Joe Henry’s roots run deep into the soil of the family farm his father bought in 1946. He tried to move on, but the pull was too strong. Today he continues his father’s work and has added a whole new dimension.

Common practice of early farming was to save the best seeds from the field for the next year’s planting. In the 1930s, a true breakthrough in agriculture occurred with hybrid corn seed development. Hybrid seeds perform better and today 95 percent of corn acreage is planted to hybrid corn. From the very beginning, the Henry farm raised hybrid seed corn, soybeans and small grain seeds.

Henry graduated from DeForest High School and with his three sisters worked summers for his father, which Henry continued through college. Growing up on the farm, Henry learned early the intricacies of farming. But when Henry left for the University of Notre Dame graduating with a finance degree, he had no intentions of coming back.

“I wanted to be a banker in a big city,” Henry said.

He also traveled through Europe during his sophomore year while studying abroad at the Innsbruck Business College. Here he was offered the opportunity to study European history and art history, which enriched both his school and travel experiences.

Unfortunately, the job market in the field of finance was not encouraging upon graduation, and he returned to the farm. During his years at college, Henry’s father had retired and was renting out the land to other seed companies, and when Henry returned he worked for them. Eventually he stopped working for other companies and picked up where his father left off.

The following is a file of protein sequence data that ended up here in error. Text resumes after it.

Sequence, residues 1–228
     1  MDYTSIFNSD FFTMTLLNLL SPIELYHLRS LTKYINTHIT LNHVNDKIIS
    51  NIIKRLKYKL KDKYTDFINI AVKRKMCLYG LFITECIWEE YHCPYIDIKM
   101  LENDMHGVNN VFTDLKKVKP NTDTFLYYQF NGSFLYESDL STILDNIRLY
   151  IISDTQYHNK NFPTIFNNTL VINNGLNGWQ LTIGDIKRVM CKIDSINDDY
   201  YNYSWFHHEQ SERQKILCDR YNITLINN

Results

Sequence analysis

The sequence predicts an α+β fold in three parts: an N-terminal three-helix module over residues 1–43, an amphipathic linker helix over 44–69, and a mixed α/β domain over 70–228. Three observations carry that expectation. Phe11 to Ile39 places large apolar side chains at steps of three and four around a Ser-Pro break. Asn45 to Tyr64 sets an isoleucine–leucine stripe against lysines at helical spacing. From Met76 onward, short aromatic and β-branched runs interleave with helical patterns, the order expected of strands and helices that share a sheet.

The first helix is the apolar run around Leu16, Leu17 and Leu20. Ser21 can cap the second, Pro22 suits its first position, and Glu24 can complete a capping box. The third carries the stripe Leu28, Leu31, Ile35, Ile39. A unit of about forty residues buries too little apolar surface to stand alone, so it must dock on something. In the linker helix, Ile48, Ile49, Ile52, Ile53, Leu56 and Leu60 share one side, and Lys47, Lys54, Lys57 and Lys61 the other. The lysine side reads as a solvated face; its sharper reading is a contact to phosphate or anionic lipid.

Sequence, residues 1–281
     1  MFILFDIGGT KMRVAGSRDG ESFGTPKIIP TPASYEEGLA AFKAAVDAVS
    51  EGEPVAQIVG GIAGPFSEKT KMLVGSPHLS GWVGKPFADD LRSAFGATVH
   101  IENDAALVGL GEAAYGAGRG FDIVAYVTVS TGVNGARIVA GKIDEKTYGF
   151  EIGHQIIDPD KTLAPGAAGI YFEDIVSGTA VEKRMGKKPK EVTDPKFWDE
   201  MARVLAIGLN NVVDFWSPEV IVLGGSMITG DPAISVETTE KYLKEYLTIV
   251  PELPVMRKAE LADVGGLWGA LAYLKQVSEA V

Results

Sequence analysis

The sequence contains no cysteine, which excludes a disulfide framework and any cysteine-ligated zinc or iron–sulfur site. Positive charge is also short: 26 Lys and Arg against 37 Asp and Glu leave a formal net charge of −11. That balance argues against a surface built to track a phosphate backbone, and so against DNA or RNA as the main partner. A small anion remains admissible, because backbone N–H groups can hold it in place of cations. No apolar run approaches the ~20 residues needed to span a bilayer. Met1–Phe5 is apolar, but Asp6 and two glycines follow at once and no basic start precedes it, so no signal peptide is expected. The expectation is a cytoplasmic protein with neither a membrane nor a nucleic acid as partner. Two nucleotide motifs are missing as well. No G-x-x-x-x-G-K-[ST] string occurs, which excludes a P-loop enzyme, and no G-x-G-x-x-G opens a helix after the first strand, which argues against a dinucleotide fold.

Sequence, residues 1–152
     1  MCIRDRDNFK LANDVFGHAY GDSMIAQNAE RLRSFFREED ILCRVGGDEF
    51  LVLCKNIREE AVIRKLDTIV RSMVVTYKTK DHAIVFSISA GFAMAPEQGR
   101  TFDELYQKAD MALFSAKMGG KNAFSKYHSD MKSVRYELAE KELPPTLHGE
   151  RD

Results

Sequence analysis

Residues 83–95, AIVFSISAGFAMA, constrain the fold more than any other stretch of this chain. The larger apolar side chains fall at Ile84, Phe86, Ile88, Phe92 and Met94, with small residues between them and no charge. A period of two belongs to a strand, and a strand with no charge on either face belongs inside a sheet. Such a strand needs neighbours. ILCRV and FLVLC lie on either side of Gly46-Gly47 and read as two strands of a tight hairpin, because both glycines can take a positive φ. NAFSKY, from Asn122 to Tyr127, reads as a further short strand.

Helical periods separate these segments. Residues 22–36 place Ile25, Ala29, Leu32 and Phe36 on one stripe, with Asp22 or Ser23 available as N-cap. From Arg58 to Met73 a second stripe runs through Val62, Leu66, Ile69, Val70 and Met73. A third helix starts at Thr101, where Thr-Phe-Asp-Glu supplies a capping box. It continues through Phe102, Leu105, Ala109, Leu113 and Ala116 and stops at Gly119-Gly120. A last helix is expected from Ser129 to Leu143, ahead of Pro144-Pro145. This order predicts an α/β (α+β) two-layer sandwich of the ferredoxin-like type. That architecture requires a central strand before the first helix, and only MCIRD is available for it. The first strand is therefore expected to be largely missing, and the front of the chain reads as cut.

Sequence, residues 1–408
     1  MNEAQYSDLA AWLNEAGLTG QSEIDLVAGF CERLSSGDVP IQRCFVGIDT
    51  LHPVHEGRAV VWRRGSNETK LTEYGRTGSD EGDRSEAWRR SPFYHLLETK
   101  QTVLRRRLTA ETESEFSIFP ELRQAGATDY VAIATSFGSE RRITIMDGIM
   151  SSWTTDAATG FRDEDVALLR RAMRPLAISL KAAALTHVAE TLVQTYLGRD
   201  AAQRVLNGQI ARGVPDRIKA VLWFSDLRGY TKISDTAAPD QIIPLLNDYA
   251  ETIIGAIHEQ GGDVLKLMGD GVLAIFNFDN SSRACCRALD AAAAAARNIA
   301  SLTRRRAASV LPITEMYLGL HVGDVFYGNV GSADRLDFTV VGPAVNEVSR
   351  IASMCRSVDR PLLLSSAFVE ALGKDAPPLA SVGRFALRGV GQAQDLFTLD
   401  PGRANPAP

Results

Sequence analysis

For 10 years, Henry sold his own brand of seed corn, Henry Seeds, selling directly to farmers. From retail to production, today, Henry contracts to produce seed corn for other seed companies who in turn market under their own brand.

The Henry Farm consists of 900 acres.

“Our seed corn production yields are around 60 bushels per acre. Seed corn yields are much lower than commercial corn production because we use inbreds,” Henry said.

Inbreds equal less yield, more risk and are more expensive. The Henrys sell their seed to various companies in the Midwest. Six full-time employees work year round, and there are many seasonal workers during planting and detassling, including both his sons, Joe and Jack.

Farming is a risky business.

“It’s been a great four to five years,” Henry said.

But the uncertainties in weather, yields, prices, government policies, global markets and other factors that impact farming can cause wide fluctuations in production, prices and income.

Henry met his wife of 30 years, Liz, through mutual friends of their parents. Liz Henry’s background is animal science, and she has worked for ABS and currently works in the Agriculture Department at UW-Madison.

Over the years, Henry not only keeps busy with the family farm but has served at various times as president of C.S.I. Farm Cooperative, the Wisconsin Corn Growers Association, Henry Vilas Park Zoological Society and the Arlington Lions Club.

Presently he serves on the board of the Wisconsin River Bank in Sauk City.

Approximately eight years ago, Henry acquired a taste for bourbon. The couple ventured the Bourbon Trail in Kentucky discovering “America’s official native spirit,” and they were also considering the craft distillery business. On the return trip, Henry said to Liz, “I think we could make bourbon.”